When teaching our introductory Educ 200 Analyzing Schools course, we draw on the community-learning model and place Trinity students in nearby Hartford schools as participant-observers. They partner with teachers to support younger learners and become involved in the life of their classrooms, and draw on their observations to evaluate different theories of education and inequality in their academic writing. But adding thoughtful community-learning experiences requires time and energy to develop relationships with our school partners and to schedule orientation sessions and weekly placements for our students. I am fortunate that Robert Cotto, Trinity’s Director of Urban Education Initiatives, now organizes all of these details, and has extended our partnerships with more schools. He set up six orientation sessions at four different schools this week, and I accompanied the groups to meet coordinating teachers who are old friends (and in some cases, former students), as well as new partners who I met for the first time.
Today I learned more about City Year, an urban school partnership and mentoring program, by meeting Tiesha Nieves, the organization’s Northeast regional recruiter, during her visit to Trinity College. We talked about former Trinity students who participated in City Year (such as Jessica Wanger ’07), and how the program has shifted over time to place its volunteers inside urban schools to collaborate with teachers and tutor youth individually or in small groups. As an AmeriCorps program, City Year participants also receive a living stipend ($564 bi-weekly), health insurance, and a $5,730 education award at the conclusion of their service to repay student loans or pursue more schooling. To learn more, reach out to Tiesha via email or tweet @TNieves_CY.
Today was a wonderful day. Students did good work in my two classes, my daughter baked a batch of chocolate cupcakes, and the sun was shining. But the extra special part of today that put the biggest smile on my face was the unexpected delivery of reliable wifi to my office, located in the third-floor corner of McCook Hall. Built in 1963, McCook exemplifies the “thick cinderblock” period of American architecture, designed to stand up to whatever bombs our Cold War enemies might have considered dropping on us. But this solid construction seems to interfere with twenty-first century wifi technology. Although the router was less than a hundred feet around the corner and down the hallway, the wifi signal in my office would connect, then drop, then connect, then drop again. I learned to live with an Ethernet cable adapter for my MacBook Air, but students who came to my office to work with me quickly became frustrated with the lack of reliable wifi. Until today! In response to my request to look into the problem, Trinity’s wonderful IT network crew showed up and installed a new router on my office ceiling. So come on over and share the bandwidth. There’s plenty to go around.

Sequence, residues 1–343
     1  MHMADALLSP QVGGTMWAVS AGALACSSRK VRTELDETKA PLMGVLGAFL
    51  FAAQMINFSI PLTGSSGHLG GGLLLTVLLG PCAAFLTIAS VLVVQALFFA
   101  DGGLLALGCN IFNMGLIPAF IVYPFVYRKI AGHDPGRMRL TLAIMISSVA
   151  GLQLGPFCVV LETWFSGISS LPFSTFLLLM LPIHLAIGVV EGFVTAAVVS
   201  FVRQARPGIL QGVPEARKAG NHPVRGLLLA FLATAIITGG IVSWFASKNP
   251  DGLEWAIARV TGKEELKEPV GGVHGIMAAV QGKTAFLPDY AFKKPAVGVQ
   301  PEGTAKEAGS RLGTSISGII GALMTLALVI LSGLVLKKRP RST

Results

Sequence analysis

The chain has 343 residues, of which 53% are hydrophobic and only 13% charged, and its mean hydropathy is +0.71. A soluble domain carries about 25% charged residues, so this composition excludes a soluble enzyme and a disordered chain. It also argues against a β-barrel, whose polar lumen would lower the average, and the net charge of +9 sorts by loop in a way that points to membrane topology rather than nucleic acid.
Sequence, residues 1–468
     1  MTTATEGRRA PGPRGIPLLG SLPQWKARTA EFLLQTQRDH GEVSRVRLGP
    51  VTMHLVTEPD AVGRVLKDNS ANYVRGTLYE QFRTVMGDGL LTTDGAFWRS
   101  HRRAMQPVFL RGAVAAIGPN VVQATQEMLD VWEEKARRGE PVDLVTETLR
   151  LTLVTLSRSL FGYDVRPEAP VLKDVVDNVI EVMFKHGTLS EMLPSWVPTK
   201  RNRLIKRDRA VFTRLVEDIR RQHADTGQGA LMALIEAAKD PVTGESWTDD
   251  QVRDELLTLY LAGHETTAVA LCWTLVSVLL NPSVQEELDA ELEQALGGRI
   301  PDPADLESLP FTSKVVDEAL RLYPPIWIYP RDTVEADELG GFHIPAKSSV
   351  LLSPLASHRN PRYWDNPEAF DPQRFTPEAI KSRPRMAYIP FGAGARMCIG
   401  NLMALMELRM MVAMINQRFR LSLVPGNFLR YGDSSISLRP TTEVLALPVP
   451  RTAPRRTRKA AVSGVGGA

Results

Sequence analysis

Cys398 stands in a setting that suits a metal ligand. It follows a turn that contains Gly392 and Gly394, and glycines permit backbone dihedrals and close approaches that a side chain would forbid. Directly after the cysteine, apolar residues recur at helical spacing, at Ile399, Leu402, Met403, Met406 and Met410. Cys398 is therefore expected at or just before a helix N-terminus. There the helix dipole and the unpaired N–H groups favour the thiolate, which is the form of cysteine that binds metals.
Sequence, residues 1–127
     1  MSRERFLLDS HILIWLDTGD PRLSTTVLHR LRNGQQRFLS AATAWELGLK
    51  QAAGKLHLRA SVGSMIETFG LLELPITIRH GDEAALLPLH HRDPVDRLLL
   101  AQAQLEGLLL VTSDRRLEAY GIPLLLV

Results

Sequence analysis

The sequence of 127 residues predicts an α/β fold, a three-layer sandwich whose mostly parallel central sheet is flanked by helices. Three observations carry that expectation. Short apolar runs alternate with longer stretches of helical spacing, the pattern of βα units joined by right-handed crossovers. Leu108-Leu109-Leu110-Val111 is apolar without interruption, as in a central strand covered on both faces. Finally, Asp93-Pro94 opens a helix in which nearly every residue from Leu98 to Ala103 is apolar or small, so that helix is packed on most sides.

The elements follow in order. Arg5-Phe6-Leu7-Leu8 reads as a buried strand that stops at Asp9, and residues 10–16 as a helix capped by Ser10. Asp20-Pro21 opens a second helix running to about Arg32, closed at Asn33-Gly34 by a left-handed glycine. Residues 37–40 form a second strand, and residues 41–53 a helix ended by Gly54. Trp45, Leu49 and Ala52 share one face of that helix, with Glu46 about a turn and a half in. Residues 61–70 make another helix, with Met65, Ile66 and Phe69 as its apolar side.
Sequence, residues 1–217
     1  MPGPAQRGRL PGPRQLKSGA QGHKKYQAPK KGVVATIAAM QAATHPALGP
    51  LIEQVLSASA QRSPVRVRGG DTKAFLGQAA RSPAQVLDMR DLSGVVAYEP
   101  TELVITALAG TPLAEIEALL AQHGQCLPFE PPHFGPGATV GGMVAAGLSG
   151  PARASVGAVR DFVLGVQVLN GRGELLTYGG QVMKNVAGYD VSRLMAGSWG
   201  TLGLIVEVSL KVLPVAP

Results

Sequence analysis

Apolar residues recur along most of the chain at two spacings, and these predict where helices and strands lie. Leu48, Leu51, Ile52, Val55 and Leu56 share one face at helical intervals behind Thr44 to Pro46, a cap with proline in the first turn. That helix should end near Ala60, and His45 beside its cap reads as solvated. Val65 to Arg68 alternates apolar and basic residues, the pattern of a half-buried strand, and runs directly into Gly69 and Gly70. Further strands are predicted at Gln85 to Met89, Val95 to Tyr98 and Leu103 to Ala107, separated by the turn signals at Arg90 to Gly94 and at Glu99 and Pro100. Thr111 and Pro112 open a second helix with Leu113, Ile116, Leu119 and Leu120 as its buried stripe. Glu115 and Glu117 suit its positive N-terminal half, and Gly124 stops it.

Today I came back to full-time teaching at Trinity College, and what made this day extra special was working with Jasmine Gentry ’17, the mentor for our first-year seminar on Color & Money: Race and Social Class at Trinity and Beyond. While students read the first book (Mitchell Steven’s Creating a Class, an ethnography of the college admissions and financial aid process at a liberal arts college), they engage in a role-playing simulation as admissions officers who must accept or reject 15 applicants to their hypothetical college. During the simulation, Jasmine’s role is the Associate Dean of Admissions, and I’m her administrative assistant. Today she stepped up to the plate to engage our crew with their first assignment. It’s always a thrill to see younger people take charge of their learning. So I kept my mouth shut for a few minutes and took this photo. Follow our simulation — and watch out for some interesting plot twists to come — at http://commons.trincoll.edu/colorandmoney.
For the incoming class of the Individualized Degree Program (IDP) for adult students at Trinity College, Jen Schackner ’15 and I co-presented on the theme of collaboratively creating knowledge in the liberal arts. Here’s a link to my presentation and also to Jen’s presentation.